PTA agrees with district: Renovation of Annex not worthwhile

Group dedicated to saving structure will keep working, but commission says it won't make a recommendation

By ThisWeek Community News  • 

An effort aimed at saving Clintonville's first high school from being torn down faces opposition from parents of the current elementary school.

In addition, Clintonville Area Commission members, who voted to create a committee to look into preserving the Clinton Annex, arrived at a split decision last week on letting the task force continue to exist but refraining from endorsing any recommendations. Some CAC members seemed to favor distancing themselves from the Committee to Investigate Preservation of the Clinton Annex Building altogether.

The former Clinton Township High School, which was built around 1904 and came to be known as the Annex after Clinton Elementary School was constructed on the same lot at 10 Clinton Heights Ave., should be torn down to create more playground space, Nicole Leenders, president of the school's PTA, told CAC members last week.

That's the position parents took in a vote two years ago when Clinton Elementary School was being remodeled, and that position hasn't changed, Leenders said.

Mary Beth Hirsch, chairwoman of the committee created July 11 by CAC members, provided an update at last week's monthly meeting.

Members of the committee, Hirsch said, have settled on the idea of creating a business plan to repurpose the Annex as the "Clinton Children's Center." The center, which would be operated by a nonprofit organization that as yet doesn't exist, would offer child care after school, during breaks, on the weekends and during the summer, Hirsch said.

"It appears to meet an identified need of Clinton families and the Clinton neighborhood," she said.

Committee members have met with Carole Olshavsky, senior executive for capital improvements with Columbus City Schools, and learned the district would not offer any funding toward preserving the structure, Hirsch added.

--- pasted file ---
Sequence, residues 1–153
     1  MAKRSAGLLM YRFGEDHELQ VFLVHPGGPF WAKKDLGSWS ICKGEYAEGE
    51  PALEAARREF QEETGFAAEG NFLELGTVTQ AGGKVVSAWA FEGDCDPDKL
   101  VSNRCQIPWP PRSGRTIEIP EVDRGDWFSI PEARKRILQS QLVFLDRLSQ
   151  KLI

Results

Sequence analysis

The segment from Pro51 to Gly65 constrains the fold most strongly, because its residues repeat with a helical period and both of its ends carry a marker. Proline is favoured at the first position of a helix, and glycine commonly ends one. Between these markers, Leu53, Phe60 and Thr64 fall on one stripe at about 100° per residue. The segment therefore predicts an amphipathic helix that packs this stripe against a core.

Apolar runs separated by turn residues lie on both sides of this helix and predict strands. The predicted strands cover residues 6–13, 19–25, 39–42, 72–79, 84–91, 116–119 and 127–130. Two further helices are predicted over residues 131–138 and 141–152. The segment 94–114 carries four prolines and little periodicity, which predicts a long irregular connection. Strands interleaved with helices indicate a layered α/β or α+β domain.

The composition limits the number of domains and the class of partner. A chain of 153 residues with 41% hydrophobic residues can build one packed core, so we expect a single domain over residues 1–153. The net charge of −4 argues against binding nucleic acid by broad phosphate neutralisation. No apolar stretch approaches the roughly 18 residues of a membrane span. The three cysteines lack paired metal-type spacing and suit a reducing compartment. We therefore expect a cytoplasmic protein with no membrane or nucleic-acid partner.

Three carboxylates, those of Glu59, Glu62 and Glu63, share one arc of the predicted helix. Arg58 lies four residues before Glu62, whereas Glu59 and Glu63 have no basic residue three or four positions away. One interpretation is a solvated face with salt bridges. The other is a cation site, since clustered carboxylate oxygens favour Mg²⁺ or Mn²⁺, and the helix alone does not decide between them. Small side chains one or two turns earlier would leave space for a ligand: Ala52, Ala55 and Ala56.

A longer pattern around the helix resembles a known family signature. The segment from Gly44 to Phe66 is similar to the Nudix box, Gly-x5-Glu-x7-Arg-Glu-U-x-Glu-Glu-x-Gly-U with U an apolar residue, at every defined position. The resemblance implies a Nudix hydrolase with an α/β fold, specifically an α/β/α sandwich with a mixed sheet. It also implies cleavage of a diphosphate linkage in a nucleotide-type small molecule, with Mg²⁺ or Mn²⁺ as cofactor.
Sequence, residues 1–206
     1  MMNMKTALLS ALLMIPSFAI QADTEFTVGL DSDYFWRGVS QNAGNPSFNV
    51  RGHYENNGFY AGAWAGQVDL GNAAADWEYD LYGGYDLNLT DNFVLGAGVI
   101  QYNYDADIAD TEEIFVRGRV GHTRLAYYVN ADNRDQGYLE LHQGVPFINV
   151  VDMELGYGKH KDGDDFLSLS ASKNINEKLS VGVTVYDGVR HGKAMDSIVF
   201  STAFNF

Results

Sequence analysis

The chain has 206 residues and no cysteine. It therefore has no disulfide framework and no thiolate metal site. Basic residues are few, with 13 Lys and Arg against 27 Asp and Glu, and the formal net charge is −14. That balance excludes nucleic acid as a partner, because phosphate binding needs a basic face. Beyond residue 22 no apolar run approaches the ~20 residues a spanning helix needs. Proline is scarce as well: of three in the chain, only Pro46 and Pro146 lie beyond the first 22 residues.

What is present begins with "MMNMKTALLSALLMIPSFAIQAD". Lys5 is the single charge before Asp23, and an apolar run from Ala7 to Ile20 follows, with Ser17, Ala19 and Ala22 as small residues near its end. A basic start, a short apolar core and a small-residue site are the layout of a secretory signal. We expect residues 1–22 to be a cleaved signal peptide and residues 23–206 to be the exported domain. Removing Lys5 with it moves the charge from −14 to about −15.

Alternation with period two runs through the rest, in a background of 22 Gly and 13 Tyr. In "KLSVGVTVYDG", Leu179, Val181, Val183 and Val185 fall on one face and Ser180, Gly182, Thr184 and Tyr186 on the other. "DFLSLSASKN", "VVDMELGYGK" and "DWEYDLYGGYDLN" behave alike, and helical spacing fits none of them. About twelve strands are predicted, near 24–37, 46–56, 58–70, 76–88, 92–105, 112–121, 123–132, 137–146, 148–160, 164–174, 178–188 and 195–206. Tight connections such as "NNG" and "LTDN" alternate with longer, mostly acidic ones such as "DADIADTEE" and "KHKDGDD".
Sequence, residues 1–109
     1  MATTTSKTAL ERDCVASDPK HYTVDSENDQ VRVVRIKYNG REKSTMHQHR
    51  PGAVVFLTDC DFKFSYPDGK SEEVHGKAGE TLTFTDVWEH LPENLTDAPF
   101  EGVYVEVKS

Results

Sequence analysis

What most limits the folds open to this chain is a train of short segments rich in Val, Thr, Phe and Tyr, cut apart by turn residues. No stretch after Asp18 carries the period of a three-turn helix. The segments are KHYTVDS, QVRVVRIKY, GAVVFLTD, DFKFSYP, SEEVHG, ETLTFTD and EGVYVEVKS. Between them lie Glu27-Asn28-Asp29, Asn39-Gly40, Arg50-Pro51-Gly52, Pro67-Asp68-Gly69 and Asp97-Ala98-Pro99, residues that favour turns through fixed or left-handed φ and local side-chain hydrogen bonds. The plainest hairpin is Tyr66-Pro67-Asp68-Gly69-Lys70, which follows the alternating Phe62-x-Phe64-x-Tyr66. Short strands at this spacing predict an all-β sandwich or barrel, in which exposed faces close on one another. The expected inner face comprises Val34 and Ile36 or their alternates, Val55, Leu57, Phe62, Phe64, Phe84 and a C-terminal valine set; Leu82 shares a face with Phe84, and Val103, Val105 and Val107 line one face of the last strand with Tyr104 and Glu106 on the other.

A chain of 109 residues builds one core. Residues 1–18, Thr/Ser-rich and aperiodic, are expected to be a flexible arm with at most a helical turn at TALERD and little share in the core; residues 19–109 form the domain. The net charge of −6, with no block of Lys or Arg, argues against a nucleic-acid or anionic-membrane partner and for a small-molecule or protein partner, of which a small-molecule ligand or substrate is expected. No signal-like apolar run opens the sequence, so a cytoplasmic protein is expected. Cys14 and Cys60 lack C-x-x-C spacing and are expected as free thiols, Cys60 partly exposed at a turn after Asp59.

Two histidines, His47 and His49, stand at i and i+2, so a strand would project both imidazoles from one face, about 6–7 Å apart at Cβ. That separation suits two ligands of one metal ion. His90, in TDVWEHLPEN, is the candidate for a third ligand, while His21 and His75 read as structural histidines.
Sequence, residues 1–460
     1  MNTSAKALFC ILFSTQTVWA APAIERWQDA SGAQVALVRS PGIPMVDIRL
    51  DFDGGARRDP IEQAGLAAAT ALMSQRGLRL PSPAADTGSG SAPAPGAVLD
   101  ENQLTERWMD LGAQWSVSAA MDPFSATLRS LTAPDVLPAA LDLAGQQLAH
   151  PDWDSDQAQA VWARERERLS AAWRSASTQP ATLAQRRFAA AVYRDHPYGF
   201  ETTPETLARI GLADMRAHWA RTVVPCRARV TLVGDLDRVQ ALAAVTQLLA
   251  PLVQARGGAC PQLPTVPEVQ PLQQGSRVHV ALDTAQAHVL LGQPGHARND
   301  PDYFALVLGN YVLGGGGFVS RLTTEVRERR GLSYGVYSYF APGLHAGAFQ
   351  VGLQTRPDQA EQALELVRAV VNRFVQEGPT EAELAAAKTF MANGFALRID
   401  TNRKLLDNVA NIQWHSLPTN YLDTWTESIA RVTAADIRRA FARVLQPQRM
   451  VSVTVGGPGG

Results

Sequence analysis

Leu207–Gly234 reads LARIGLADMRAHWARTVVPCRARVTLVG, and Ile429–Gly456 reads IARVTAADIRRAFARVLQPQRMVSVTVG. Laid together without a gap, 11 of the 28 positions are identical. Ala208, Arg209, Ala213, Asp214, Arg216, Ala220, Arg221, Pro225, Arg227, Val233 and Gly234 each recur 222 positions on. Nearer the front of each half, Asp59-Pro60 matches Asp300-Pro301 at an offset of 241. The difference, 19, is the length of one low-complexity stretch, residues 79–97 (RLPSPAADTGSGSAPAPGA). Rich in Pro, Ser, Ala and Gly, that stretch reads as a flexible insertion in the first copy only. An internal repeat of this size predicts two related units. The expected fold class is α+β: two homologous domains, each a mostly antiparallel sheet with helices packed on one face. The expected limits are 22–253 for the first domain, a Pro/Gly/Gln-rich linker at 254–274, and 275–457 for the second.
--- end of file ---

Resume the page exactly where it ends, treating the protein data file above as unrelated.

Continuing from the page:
Olshavsky gave a presentation at the commission's July session regarding plans to raze the former township building, after which District 3 Representative Elizabeth "Libby" Wetherholt proposed creating a task force to seek ways to prevent that from happening.

At last week's meeting, commission Chairman Daniel B. Miller proposed a motion directing members of the Committee to Investigate Preservation of the Clinton Annex Building to continue their work, but then to present any recommendations to Columbus City Schools officials without CAC endorsement.

"The commission is really facilitating a discussion," Miller said.

"We're supporting these people and allowing communication," Wetherholt added.

Dana K.J. Bagwell, the District 5 representative who joined D Searcy of District 9 in opposing formation of the committee, initially concurred with Miller's proposal, but expressed doubts any business plan could come up with the funding needed to bring the old high school up to current building code. She expressed the feeling that the figure would be "astronomical."

"There are a lot of numbers out there," Hirsch conceded.

Leenders provided one during her comments. She said that when Clinton Elementary School was scheduled for a major renovation two years ago -- which necessitated the school's temporary move to Hubbard Elementary School in the Short North -- it was estimated fixing up the old Annex would have cost $900,000.

District 7 representative Jason Meek suggested it would make more sense for a group of private residents, not members of a CAC committee, to move ahead with asking Columbus City Schools officials to hold off on tearing the Annex down while a nonprofit organization is formed to create the children's center. He said it would be "more transparent" if that approach was taken.

Rob Wood of District 1 said a nonprofit organization should be formed to move ahead with preservation efforts.

"I don't know that we necessarily have a role," Wood said.

Miller cautioned that school district officials probably soon will apply for a demolition permit.

"Those wheels are turning," he said.

The chairman's motion to permit the preservation committee to continue efforts but not to sanction them was approved by a vote of 5-3, with Miller abstaining. Bagwell, Searcy and Meek voted against it, while Wood, Wetherholt, Nancy Kuhel of District 2, Randy Ketcham of District 6 and Kristopher Keller of District 8 supported the measure.